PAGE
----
The safety of pantyliners is unclear. In the UK, it is not compulsory to display an ingredients list on absorbent hygiene product packaging so there is an absence of information regarding hygiene devices. Sanitary pads and diapers are frequently assessed yet pantyliners are not. This project investigated 8 pantyliner brands bought in UK stores and determined a chemical profile of each sample and whether they adhered to UK legislation.
This project designed and optimised a standard operating procedure to extract a genuine chemical profile from pantyliners under simulated exposure conditions. The samples were assessed using Gas Chromatography–Mass Spectroscopy and identified leached substances from the National Institute of Standards and Technology databases.
Each chemical profile was examined and identified multiple substances of very high concern (SVHCs). Overall, 8 substances were thoroughly interpreted with the consumers’ health and safety or interests of focus. The most significant findings identified Nicotine in half of the samples together with a mutagen, neurotoxin and phthalate.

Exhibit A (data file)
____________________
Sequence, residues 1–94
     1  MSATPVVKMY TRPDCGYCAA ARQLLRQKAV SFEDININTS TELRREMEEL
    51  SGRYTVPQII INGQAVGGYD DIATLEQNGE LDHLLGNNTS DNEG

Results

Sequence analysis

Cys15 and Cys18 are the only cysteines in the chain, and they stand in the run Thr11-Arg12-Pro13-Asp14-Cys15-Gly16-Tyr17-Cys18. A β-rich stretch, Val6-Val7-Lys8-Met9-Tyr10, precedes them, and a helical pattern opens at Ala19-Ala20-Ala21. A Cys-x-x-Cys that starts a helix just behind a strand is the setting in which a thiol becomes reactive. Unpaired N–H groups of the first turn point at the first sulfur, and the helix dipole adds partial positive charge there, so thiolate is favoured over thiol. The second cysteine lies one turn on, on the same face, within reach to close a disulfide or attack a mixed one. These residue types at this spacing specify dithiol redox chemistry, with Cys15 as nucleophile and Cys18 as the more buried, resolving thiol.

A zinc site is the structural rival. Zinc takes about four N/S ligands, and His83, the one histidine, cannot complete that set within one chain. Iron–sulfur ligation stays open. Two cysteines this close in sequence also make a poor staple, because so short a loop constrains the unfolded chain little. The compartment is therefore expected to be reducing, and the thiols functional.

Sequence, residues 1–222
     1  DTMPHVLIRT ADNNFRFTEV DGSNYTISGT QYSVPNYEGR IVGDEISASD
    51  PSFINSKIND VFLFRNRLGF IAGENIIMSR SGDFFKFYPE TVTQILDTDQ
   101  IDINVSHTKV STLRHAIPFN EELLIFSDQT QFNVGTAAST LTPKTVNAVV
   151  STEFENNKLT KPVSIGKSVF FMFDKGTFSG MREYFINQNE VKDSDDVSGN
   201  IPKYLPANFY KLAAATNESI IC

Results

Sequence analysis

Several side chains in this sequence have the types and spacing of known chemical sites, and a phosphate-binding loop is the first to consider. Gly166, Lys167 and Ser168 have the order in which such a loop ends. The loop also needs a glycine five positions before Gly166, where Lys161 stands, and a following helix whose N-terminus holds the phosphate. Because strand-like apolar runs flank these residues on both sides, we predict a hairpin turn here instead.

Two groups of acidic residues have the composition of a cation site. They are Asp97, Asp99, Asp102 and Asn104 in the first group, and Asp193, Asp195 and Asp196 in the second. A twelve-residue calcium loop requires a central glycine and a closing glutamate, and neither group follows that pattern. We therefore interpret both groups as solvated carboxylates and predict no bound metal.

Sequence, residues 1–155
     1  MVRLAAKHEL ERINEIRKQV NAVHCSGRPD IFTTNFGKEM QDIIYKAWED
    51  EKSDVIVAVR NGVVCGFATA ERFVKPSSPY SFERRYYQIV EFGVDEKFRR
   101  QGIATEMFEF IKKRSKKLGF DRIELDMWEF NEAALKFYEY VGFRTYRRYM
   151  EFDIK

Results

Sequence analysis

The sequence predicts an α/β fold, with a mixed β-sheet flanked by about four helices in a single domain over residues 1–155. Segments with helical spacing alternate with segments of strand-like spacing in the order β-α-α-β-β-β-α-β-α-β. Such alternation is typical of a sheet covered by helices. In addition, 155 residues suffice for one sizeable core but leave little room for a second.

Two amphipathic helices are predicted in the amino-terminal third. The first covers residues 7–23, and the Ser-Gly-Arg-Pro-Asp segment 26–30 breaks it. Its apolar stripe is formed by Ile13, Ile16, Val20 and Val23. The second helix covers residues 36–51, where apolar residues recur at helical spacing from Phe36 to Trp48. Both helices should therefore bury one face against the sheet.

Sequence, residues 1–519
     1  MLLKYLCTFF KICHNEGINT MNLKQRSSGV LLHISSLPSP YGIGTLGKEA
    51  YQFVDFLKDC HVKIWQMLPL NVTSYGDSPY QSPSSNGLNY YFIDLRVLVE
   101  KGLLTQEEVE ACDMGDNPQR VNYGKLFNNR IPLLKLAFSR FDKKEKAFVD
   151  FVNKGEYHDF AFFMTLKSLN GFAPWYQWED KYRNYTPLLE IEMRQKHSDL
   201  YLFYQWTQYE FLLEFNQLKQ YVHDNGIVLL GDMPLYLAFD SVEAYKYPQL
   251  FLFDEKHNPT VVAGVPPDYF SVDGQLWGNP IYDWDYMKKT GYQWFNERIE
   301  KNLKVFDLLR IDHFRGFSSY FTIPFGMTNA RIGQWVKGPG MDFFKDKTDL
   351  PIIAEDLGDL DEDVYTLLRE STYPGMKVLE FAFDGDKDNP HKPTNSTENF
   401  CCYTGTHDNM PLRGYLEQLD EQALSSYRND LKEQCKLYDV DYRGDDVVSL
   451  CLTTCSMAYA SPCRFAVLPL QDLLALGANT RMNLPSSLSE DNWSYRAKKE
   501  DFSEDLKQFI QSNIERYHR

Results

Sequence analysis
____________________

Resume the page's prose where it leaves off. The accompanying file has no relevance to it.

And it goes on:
This project revealed that UK legislation for absorbent hygiene products is quite obscure and that there is presently no governed organisation which accredits the integrity of hygiene products. The project found a number of unforeseen substances in pantyliners which supported the hypothesis that hygiene products are not satisfactorily regulated.
This project concluded that all absorbent hygiene products should be recategorised as medical devices to ensure the health and safety of the consumer. Specifically, the composition of pantyliners – which is the focus of this study – is unmonitored and could cause harm to the biologically vulnerable consumers who use them.
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